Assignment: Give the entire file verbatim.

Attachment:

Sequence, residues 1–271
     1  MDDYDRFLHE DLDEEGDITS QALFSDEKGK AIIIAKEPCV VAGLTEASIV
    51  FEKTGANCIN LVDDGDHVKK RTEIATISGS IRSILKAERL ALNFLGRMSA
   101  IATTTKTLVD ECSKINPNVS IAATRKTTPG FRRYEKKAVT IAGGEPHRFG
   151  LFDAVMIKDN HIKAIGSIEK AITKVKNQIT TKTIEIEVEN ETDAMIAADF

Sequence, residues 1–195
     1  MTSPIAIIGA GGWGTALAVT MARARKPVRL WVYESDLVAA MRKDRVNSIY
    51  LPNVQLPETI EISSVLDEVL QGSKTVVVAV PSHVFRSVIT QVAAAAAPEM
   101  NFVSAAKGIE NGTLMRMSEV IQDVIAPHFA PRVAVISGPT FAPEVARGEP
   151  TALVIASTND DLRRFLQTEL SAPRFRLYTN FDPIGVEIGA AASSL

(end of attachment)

Sequence, residues 1–271
     1  MDDYDRFLHE DLDEEGDITS QALFSDEKGK AIIIAKEPCV VAGLTEASIV
    51  FEKTGANCIN LVDDGDHVKK RTEIATISGS IRSILKAERL ALNFLGRMSA
   101  IATTTKTLVD ECSKINPNVS IAATRKTTPG FRRYEKKAVT IAGGEPHRFG
   151  LFDAVMIKDN HIKAIGSIEK AITKVKNQIT TKTIEIEVEN ETDAMIAADF

Sequence, residues 1–195
     1  MTSPIAIIGA GGWGTALAVT MARARKPVRL WVYESDLVAA MRKDRVNSIY
    51  LPNVQLPETI EISSVLDEVL QGSKTVVVAV PSHVFRSVIT QVAAAAAPEM
   101  NFVSAAKGIE NGTLMRMSEV IQDVIAPHFA PRVAVISGPT FAPEVARGEP
   151  TALVIASTND DLRRFLQTEL SAPRFRLYTN FDPIGVEIGA AASSL